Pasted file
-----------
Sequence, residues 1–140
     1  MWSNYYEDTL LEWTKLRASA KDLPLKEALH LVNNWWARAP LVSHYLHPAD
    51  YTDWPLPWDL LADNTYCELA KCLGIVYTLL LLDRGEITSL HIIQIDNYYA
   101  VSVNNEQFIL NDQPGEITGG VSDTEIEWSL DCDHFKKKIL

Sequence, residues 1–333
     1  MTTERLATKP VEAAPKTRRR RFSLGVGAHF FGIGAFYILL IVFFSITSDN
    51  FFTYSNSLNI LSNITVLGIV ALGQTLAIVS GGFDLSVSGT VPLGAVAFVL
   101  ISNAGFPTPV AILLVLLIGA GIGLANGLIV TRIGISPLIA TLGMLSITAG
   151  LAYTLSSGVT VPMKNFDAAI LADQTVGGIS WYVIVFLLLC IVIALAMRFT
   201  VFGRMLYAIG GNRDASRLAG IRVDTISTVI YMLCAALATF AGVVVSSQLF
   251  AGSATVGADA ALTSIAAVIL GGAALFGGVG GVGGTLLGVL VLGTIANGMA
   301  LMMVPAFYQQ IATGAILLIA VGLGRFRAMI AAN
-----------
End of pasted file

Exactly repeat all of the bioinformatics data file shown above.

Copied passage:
Sequence, residues 1–140
     1  MWSNYYEDTL LEWTKLRASA KDLPLKEALH LVNNWWARAP LVSHYLHPAD
    51  YTDWPLPWDL LADNTYCELA KCLGIVYTLL LLDRGEITSL HIIQIDNYYA
   101  VSVNNEQFIL NDQPGEITGG VSDTEIEWSL DCDHFKKKIL

Sequence, residues 1–333
     1  MTTERLATKP VEAAPKTRRR RFSLGVGAHF FGIGAFYILL IVFFSITSDN
    51  FFTYSNSLNI LSNITVLGIV ALGQTLAIVS GGFDLSVSGT VPLGAVAFVL
   101  ISNAGFPTPV AILLVLLIGA GIGLANGLIV TRIGISPLIA TLGMLSITAG
   151  LAYTLSSGVT VPMKNFDAAI LADQTVGGIS WYVIVFLLLC IVIALAMRFT
   201  VFGRMLYAIG GNRDASRLAG IRVDTISTVI YMLCAALATF AGVVVSSQLF
   251  AGSATVGADA ALTSIAAVIL GGAALFGGVG GVGGTLLGVL VLGTIANGMA
   301  LMMVPAFYQQ IATGAILLIA VGLGRFRAMI AAN